Square Meal

MUGA Ramen Bar

MUGA (11 of 21)
MUGA Ramen Bar

History and Background:

Meal courtesy of MUGA Ramen Bar.

A ramen bar and an open kitchen with minimalist design is situated on Panton Street, a new opening for 2015, MUGA Ramen Bar.

Joining the ramen craze alongside the front runners Kanada-Ya and Ippudo, London is spoilt for choice when it comes to this particular Japanese specialty. Upon entry I was greeted with the usual ‘irrashaemase’ which means welcome in Japanese. something of common courtesy in Japan, which has been well adapted here in London!

As I walked in, I soon realised I was the only one in the restaurant, awkwardness crept over me as I worried about the quality of the food and why it would so empty in the early evening. By the end of the meal however, groups of people seated themselves behind the counter as the night seeped in.

A very convenient spot at the heart of the West End Theater District, food is served quickly and in generous portions. The prices are also very competitive too!

The meal: 

MUGA (5 of 21)

Deep fried whitebait in vinegar sauce topped with spring onions and slices of carrot. I think it was the first time we had whitebait in that style, not too fishy and perfect for sharing as an appetizer.

MUGA (7 of 21)

This was one of my favourite things on the night and I’m also weak towards takoyaki (fried octopus in batter). Served elegantly on a marbled plate topped with Japanese mayonnaise, takoyaki sauce and Katsuobushi. The actual takoyaki balls are dashi flavoured batter with bits of octopus meat inside. Definitely a must-try!

MUGA (12 of 21)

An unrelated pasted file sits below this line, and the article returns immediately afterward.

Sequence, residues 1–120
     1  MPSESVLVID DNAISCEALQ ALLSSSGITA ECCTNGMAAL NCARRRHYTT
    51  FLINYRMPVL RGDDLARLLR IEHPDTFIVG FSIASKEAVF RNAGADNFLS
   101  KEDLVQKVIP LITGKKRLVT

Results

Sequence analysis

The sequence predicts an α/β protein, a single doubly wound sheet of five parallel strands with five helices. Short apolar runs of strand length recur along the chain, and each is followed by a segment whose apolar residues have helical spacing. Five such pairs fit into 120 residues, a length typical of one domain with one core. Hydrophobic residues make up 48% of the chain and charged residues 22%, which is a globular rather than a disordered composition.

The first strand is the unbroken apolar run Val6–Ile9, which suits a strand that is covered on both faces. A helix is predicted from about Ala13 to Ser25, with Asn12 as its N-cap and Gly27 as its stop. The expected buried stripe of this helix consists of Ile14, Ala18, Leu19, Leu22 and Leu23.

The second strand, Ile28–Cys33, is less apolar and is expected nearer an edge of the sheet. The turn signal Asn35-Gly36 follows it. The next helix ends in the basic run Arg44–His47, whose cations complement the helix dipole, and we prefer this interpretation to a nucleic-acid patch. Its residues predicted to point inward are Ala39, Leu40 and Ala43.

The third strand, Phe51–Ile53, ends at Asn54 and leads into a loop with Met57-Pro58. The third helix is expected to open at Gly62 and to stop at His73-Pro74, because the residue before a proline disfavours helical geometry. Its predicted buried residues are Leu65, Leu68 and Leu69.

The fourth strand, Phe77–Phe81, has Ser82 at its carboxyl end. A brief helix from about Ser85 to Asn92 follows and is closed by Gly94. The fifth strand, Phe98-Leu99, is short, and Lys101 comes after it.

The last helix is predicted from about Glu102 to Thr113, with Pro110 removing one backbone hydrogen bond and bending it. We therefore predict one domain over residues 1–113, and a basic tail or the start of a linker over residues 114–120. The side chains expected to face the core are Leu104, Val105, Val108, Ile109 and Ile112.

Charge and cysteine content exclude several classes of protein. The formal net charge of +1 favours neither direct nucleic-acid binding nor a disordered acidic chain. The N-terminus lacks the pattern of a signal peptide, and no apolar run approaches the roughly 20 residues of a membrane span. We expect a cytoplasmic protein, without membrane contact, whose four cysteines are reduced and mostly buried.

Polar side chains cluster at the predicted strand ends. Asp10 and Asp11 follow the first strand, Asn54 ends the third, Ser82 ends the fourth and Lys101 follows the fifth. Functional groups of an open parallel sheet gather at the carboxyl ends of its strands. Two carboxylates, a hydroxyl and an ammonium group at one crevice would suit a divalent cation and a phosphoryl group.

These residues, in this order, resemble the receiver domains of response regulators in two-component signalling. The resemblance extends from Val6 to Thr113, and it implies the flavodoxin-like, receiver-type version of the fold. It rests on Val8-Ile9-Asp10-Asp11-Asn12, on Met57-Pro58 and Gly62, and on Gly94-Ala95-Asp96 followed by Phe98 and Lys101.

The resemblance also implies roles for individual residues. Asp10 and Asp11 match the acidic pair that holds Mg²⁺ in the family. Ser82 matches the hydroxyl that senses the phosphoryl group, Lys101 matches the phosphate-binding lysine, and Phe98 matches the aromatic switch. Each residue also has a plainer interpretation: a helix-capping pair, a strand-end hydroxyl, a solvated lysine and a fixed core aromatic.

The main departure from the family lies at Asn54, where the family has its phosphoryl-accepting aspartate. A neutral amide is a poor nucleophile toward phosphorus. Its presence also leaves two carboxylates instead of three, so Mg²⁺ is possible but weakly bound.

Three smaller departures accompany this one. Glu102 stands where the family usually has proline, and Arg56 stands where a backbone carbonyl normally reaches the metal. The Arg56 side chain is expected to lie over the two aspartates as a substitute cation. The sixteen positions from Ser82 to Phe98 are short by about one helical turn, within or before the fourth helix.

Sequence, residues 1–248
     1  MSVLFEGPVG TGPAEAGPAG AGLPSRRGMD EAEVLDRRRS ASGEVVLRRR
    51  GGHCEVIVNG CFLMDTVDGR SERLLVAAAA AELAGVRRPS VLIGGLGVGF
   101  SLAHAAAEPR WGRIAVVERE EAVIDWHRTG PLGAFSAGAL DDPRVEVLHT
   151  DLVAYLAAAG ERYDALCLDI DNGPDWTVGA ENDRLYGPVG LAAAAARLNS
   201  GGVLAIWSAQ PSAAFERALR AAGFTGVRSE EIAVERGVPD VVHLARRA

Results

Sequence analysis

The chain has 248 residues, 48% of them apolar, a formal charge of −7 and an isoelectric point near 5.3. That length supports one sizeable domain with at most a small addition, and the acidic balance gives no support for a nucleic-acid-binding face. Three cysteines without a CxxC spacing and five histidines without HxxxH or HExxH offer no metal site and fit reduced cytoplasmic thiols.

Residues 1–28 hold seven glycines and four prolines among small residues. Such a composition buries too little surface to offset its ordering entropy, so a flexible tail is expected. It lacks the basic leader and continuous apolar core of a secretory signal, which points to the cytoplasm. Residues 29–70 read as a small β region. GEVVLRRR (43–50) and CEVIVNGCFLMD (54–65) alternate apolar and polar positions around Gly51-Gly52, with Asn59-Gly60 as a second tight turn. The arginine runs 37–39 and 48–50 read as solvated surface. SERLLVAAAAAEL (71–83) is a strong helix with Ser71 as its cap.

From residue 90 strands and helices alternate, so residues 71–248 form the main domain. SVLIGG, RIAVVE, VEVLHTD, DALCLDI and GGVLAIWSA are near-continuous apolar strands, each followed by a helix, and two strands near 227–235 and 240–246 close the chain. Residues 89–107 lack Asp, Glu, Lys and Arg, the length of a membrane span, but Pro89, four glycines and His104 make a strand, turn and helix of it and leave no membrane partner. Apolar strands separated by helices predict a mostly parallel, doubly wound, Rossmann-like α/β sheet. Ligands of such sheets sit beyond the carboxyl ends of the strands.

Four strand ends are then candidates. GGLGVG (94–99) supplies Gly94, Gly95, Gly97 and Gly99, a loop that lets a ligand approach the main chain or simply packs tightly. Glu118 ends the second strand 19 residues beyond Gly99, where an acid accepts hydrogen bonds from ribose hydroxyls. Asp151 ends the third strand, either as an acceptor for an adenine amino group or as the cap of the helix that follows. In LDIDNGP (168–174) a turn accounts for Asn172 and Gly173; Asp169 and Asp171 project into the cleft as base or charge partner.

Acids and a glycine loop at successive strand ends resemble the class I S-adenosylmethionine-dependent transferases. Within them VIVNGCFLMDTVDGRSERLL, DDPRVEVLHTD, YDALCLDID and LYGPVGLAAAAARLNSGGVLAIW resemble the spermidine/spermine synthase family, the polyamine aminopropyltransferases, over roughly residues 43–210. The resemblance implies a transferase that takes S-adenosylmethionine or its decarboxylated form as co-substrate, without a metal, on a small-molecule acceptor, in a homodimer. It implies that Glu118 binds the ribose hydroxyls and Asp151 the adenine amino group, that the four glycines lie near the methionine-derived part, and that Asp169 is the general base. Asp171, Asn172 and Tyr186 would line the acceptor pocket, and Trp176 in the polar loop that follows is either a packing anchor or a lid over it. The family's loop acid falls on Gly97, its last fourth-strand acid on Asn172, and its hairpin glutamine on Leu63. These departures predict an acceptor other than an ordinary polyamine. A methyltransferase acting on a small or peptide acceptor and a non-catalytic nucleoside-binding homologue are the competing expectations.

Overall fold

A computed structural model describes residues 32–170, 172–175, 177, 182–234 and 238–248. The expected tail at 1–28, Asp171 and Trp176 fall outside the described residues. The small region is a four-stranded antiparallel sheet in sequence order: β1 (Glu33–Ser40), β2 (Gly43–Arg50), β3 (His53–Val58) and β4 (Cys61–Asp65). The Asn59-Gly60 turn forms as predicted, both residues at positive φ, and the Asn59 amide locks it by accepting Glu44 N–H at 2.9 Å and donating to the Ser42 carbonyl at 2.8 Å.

Tonkotsu Ramen:

Tonkotsu (Pork bone broth) based Ramen Noodle Charshu Pork, Ajitama, Kikurage, Takana, Beni shouga, Spring onion, Sesame seeds

Charshu Max:

Aburi Charshu (4pcs), Mixed vegetables, Spring onions, Leek, Garlic chips, Egg and Sesame seeds

Many ramen joints in London specialise in particular traditional Japanese noodles such as tonkotsu however, MUGA serves a variety of traditional style ramen.  You could have a chance to try salt (shio), soy sauce (shoyu), miso or tonkotsu based noodles with various sizes of thickness.

MUGA (14 of 21)
SHOYU £9.90 with CHARSHU MAX £4.90

Shoyu Ramen:

Shoyu (Soy sauce) based Ramen Noodle Charshu Pork, Ajitama, Menma (Seasoned bamboo shoots), Nori, Leek, Spring onion, Sesame seeds

When the shoyu based ramen with charshu topping came, exquisite presentation wasn’t the only thing we were surprised about. The rolled charshu layered up in circular form topped with freshly cut spring onions is a definite jaw dropper! The charshu itself was tender and soaked in broth for a number of hours meant it just rolls of your tongue.

MUGA (18 of 21)
Massive portions! Compare that to the cup of tea!
MUGA (20 of 21)

Being full by this point was an understatement but we had to try some desserts. The mochi ice cream consists of soft rice cake stuffed with vanilla ice cream, topped with Kinako (soybean powder) and Kuromitsu (molasses sugar syrup).